The Four: The Hidden DNA of Amazon, Apple, Facebook, and Google
This is one of a number of recent books from authors who had a front row seat at the birth of the digital economy. In this case the journey unfolds through the proxy of Four—Amazon, Google, Apple, and Facebook.
The prose is quick and witty. Some of the witty is admittedly built on more than a whiff of cynicism: “At its core, Apple fills two instinctual needs: to feel closer to God and be more attractive to the opposite sex.” And,“Facebook is a platform for strutting and preening…Few people post pictures of their divorce papers or how tired they look on Thursday.” You will, nonetheless, smile.
And the book is chock full of interesting trivia: “The cocktail of low-cost product and premium prices has landed Apple with a cash pile greater than the GDP of Denmark, the Russian stock market, and the market cap of Boeing, Airbus, and Nike combined.”
In the end, while the book admires what each of the Four has accomplished, it begs the question being increasingly asked: What is our digital future and are we better off for it?
It is a legitimate question. Google has more power than Standard Oil or AT&T ever dreamed of and yet the government and its regulators seem not to care. The government, in fact, cheers on the consolidation, despite the degree to which the Four contribute in a very real way to the country’s debilitating political and social polarization. “So, Facebook, and the rest of the algorithm-driven media, barely bothers with moderates.” And “This is how these algorithms reinforce polarization in our society.”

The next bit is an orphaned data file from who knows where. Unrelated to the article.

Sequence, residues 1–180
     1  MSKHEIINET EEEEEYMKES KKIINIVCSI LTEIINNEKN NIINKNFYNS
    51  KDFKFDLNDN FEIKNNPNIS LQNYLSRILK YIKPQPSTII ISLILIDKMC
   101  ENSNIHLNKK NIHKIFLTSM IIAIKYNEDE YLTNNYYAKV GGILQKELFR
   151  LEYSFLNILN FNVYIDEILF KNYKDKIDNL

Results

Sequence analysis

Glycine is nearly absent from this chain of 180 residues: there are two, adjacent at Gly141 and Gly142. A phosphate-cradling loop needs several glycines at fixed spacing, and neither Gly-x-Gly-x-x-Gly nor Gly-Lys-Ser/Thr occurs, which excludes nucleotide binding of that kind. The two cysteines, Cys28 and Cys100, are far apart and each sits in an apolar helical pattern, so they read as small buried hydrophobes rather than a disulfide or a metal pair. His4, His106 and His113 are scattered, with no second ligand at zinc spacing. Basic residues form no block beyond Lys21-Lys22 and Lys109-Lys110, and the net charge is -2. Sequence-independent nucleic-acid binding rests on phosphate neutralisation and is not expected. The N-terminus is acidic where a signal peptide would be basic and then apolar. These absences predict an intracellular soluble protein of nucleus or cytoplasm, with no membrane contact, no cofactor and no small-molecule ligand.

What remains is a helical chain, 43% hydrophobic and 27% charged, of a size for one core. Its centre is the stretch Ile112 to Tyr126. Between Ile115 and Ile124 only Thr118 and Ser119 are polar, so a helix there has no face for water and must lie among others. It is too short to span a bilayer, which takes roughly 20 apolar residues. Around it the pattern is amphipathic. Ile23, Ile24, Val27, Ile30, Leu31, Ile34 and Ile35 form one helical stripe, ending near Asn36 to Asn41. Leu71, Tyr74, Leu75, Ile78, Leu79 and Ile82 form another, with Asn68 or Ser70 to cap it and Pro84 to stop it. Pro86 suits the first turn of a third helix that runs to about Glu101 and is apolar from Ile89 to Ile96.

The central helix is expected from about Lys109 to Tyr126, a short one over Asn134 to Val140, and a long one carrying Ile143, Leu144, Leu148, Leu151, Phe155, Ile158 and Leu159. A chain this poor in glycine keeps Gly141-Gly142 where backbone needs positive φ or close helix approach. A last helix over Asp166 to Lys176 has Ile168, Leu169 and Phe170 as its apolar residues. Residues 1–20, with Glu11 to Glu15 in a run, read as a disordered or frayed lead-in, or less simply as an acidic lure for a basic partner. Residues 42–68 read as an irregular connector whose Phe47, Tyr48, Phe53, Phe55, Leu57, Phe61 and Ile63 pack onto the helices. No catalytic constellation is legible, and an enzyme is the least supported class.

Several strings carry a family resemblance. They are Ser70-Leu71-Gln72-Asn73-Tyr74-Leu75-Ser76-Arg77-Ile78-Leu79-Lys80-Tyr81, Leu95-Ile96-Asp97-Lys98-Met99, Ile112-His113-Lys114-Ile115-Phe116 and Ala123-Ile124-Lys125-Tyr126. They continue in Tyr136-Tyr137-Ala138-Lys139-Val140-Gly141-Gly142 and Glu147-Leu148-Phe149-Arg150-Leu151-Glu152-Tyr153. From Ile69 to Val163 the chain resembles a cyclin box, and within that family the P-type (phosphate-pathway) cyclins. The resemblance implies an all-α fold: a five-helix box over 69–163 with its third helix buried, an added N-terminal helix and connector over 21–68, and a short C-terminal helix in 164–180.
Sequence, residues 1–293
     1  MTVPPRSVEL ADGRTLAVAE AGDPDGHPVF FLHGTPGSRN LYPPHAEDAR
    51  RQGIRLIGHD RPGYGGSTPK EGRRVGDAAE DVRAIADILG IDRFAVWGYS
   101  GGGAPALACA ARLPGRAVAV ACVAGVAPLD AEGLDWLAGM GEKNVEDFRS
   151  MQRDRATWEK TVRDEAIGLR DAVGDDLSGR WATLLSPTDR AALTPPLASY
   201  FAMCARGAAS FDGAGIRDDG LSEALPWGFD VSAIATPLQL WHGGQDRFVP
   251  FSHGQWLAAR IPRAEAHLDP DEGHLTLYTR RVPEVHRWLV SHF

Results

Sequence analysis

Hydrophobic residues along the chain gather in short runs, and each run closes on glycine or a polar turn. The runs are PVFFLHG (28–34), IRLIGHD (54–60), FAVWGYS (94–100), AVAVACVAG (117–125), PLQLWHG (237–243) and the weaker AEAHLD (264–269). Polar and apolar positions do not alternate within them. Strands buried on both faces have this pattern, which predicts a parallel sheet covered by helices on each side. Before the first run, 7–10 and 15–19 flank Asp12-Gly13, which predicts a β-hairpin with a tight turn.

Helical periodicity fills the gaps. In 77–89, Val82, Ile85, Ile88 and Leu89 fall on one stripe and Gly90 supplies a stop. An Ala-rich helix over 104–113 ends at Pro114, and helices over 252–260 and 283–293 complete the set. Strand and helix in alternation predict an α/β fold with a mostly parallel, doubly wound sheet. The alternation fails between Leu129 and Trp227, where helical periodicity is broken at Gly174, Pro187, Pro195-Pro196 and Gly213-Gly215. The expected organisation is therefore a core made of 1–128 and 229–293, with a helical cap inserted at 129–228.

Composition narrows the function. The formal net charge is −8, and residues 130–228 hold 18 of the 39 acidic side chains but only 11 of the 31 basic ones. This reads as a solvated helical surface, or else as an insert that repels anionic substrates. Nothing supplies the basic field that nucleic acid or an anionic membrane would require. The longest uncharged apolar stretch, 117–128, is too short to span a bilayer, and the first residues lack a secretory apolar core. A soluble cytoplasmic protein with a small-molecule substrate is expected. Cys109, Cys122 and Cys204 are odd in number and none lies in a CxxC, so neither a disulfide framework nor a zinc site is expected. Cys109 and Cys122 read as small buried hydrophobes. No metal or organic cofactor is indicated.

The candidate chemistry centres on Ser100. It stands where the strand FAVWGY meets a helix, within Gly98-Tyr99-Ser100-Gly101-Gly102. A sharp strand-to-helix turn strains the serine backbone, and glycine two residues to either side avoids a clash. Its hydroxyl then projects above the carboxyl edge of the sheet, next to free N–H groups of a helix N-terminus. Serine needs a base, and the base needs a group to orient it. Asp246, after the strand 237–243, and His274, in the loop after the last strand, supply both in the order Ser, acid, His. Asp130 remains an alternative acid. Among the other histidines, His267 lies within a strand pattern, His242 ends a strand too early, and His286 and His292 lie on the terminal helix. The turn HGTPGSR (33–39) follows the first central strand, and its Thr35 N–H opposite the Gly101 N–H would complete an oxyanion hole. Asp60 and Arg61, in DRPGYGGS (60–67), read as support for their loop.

Fake news and Russian influence are the news stories of the day, but, as Galloway points out, this is the tip of the iceberg. Google, in the end, is a public utility managed as if it weren’t and Facebook is no less a media company than the New York Times or CNN. To dismiss Facebook’s power on the notion that it is a mere platform for personal expression defies common sense. “Don’t kid yourself: Facebook’s sole mission is to make money. Once the company’s success is measured in clicks and dollars, why favor true stories over false ones?”
Each of the four, moreover, yields monopoly-enabled financial power in the market, allowing them to make huge bets in things like artificial intelligence and driverless vehicles; bets that the likes of General Motors and IBM and their employees could not begin to finance out of their comparatively pedestrian and competitively constrained returns.